May 2010

No matter how you slice it, 2009 was a rough year.  I could see it coming.  I knew the economy was headed south and that’s never good for someone who makes a living getting people jobs.  I spent the latter part of 2008 absorbed in a worry so deep it didn’t even register in the front of my brain. 

The first half of the year was the worst of it.  There’s nothing  like watching more footing fall away as every month ticks by.  For over eleven years I had worked for two people I trust to the core.  The person I worked closest with in the office was a good friend and I enjoyed her company every day we worked together.  I liked the engineers I worked with and I liked my clients.  I even felt close to the folks in our Chicago office, even though we’d only seen each other face to face a handful of times.  This was not the job I had dreamed about when I was younger, but these people kept me from feeling down about it.

As I said, though, it’s not good to be in staffing when everything heads south.  I had made it through a recession before, but we all knew this one was worse.  A handful of months into the year, I was laid off.  I was still working for the company, but no longer as an employee.  I was 100% commission and I kept at it, knowing I could turn it around.  I even got hired back for the month of June, which I really appreciate because I know what a stretch it was for Jim and Pam (the owners).  After that ended, I made the decision to look for something else.  They understood completely and I didn’t realize it then, but that’s when it started to turn around.

I managed to survive based on a couple of things.  One is that I had a lot of room on my credit card.  When we went short several weeks it was how we got groceries.  I’m paying for that now, but it allowed me to get by then.  Second, I got unemployment.  Not much money in that, but it was something.  Third, I was in a reasonable mortgage, the cars were paid for, and other expenses weren’t through the roof (even if it sometimes felt that way).  Last, and most importantly, my wife had a steady job with benefits.  Beyond that, she always told me I would come out of this just fine.  I don’t know what was happening in her head, but all I ever heard was that I wasn’t useless, had what it took to make it, and would find a way to do well again.  Thank god for all of it, because I know a lot of people who had a lot less and have been hurt in ways that may never totally heal.

So I went on the hunt for a new job, while still trying to make some money doing the recruiting thing.  Where did I go first?  Movies of course.  Michigan now has a film industry and I saw the chance to take the sales, management, and overall business skills I had earned and put them to work in my original field of choice.  Before too long I actually found myself interviewing with companies I found and marketed myself to.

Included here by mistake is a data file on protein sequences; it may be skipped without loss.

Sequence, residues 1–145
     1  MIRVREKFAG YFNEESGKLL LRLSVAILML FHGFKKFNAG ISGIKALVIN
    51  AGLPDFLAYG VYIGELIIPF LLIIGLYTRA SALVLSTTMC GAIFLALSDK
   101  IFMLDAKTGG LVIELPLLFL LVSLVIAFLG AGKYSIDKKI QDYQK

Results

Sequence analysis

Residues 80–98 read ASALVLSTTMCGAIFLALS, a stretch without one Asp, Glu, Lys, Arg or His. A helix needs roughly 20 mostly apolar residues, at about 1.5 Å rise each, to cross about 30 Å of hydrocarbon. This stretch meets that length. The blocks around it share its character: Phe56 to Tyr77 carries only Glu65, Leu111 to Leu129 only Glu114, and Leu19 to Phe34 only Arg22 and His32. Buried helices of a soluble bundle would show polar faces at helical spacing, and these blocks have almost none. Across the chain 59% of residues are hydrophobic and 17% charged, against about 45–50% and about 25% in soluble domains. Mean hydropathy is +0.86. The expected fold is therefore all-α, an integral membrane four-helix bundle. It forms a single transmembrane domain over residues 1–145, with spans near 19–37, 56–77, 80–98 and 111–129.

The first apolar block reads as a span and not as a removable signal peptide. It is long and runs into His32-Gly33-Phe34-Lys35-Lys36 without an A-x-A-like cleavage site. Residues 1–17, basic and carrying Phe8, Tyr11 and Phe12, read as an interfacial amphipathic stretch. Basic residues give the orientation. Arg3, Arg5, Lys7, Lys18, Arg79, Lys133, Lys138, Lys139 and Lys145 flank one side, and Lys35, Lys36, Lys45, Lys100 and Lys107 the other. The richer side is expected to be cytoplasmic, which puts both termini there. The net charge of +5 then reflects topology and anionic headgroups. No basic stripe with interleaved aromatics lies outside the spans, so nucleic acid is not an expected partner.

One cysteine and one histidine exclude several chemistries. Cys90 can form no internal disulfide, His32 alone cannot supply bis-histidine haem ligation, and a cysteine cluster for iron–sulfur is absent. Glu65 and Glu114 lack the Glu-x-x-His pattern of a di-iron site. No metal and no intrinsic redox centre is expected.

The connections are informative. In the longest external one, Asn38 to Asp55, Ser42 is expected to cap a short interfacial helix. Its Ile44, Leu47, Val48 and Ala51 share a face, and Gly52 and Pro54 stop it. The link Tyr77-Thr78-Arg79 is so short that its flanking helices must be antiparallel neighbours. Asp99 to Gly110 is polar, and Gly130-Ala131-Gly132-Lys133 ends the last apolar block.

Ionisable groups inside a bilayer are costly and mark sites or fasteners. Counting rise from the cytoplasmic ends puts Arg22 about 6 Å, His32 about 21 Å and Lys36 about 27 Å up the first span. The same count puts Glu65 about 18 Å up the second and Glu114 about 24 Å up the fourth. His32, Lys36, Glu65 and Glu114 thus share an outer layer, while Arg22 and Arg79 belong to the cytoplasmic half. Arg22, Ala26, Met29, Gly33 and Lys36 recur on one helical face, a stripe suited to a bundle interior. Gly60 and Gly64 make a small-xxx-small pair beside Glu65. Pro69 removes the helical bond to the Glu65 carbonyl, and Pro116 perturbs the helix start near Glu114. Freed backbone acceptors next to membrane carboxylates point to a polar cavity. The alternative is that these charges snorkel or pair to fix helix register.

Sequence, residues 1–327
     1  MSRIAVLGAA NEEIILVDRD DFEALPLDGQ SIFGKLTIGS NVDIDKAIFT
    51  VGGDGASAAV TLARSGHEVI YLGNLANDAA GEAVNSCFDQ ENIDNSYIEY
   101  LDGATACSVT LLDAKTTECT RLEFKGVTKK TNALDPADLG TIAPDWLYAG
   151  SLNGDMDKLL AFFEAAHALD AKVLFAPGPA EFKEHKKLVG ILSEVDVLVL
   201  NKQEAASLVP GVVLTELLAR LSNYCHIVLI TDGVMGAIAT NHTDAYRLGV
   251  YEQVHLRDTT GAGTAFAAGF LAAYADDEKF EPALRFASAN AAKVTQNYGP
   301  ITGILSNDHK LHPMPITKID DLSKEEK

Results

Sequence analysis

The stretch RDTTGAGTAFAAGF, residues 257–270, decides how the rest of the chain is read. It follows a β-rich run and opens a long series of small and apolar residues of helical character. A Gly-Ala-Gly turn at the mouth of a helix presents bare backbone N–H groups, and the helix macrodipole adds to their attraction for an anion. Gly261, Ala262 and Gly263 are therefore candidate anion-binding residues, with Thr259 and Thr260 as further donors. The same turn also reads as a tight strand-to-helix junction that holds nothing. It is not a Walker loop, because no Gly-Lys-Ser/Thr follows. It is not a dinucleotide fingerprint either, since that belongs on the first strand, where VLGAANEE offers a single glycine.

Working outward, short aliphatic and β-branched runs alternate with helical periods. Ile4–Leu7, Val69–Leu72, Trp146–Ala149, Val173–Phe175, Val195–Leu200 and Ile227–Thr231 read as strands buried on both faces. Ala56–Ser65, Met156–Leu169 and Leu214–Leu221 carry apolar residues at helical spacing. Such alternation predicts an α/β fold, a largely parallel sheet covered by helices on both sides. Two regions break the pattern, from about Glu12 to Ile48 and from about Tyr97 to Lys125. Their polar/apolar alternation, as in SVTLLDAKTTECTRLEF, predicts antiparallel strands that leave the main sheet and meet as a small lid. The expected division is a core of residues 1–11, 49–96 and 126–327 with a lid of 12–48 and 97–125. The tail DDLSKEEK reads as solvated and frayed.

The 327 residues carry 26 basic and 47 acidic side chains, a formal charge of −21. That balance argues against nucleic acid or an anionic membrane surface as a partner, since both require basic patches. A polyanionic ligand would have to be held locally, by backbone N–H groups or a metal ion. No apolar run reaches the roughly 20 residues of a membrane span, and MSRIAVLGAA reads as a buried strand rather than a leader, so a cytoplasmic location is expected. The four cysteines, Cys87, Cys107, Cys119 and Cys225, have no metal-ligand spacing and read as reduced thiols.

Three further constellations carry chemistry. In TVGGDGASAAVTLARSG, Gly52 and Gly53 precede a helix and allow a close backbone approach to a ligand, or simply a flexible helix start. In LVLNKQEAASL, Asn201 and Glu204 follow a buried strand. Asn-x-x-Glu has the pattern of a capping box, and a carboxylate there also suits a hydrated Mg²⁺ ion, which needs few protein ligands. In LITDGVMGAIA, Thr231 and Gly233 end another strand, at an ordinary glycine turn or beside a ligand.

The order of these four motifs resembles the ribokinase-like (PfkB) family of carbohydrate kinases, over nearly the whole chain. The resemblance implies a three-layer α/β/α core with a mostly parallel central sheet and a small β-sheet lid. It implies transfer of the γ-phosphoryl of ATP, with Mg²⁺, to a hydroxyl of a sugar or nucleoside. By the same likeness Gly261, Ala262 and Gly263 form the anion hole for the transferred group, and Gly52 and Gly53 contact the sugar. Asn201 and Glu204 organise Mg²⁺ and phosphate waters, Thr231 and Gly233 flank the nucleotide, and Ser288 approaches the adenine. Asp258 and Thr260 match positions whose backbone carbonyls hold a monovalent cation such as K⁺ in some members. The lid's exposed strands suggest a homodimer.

This was where things got snagged.  Yes more movies are being made in Michigan but there is not an established industry here yet.  What I found were a lot of companies talking about all the great things they could do, but no word on anything they had done.  There were a couple promising opportunities, but they were in no place to bring me on board.

So I started looking for any jobs that can use my skills.  Let me tell you something; when you’re a sales person and things are bad, 90% of what comes your way sounds like a scam.  Another 5% aren’t a good fit.  The next 3% you apply for, but you pray you can find something better.   The next 1% seem tolerable and the last percent sound like a good deal. 

By working through LinkedIn, I found myself with a software firm and a production company offering independent, 100% commission opportunities.  I also still had the possibility of recruiting work coming in the door.  While pondering all of this, I had a Facebook chat with Todd, who was a friend back from my freshman year at WMU.  He asked me why, with my ambitions and knack for networking, wasn’t I just going into business for myself?  It was a good question.  Later that week I was talking to my cousin, Jonathan, about starting up my own thing like he had done.  By the next week, I accepted the two sales opportunities, kept going on the recruiting leads through PRA, even wound up writing some ads freelance for a friend’s company, and sent the paperwork for Trudeau Sales and Consulting LLC to the state.  I was now my own business, working out of my home office.